Lifsey is very strong on the ethical and spiritual requirement for followers of Jesus to stand against anti-Semitism, to be brothers and sisters with the Jewish people, and prepared in a coming time of unparalleled suffering to support Jewish people against a world set on Jew-hatred. He takes Paul’s olive tree analogy in Romans 11 very seriously, and find much support for gentile brotherhood with Israel in the prophets as well. Christians are mutually dependent with the Jewish people in the plan of God. There is union and distinction at the same time between Israel and the Church (it sounds like Lifsey would be open to bilateral ecclesiology as in Mark Kinzer’s Postmissionary Messianic Judaism).

One of Lifsey’s beliefs about the end times is of a coming time of world hatred leading to unprecedented violence against the Jewish people. It is the idea of Armageddon and the numerous passages about the nations attacking Israel at what seems to be the end of the age just prior to divine intervention and the Messianic Age. Yet Lifsey sharpens the image, being concerned that the final devastation for Jewish people will exceed even the Holocaust. He is persuaded of this because of a connection he makes between various scriptures which refer to suffering as has never been before:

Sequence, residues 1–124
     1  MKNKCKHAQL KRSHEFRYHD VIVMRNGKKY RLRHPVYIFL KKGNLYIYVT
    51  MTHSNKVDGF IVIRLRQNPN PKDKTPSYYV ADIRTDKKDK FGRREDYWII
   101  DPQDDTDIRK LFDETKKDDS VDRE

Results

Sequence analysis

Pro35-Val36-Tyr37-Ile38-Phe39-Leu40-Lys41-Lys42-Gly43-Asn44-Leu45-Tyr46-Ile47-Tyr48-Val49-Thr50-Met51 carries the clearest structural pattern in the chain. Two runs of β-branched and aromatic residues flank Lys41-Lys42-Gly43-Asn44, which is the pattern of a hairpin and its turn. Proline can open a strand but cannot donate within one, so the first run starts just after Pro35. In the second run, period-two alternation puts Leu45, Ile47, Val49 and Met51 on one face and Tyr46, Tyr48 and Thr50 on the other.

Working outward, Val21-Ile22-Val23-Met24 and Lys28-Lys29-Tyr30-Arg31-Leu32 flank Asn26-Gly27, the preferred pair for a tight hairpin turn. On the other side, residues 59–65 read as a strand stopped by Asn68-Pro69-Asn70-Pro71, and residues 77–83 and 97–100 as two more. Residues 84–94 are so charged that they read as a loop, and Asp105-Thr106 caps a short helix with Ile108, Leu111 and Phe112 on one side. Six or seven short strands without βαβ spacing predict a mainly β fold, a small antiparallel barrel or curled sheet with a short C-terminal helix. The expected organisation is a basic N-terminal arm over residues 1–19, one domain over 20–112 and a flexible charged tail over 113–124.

• “That day is so great there is none like it; it is the time of Jacob’s trouble” (Jer 30:7).
  • “There will be great tribulation, such as there has not been since the beginning of the world until now” (Matt 24:21).
  • “… when the complete shattering of the holy people comes to an end” (Dan 12:7).
  • “I will gather all the nations against Jerusalem for battle …” (Zech 14:1).
  • “… two thirds shall be cut off and perish, and one third shall be left alive. And I will put this third into the fire, and refine them as one refines silver …” (Zech 13:8-9).

Lifsey says of the Church’s responsibility and divine calling in the time of Jacob’s trouble: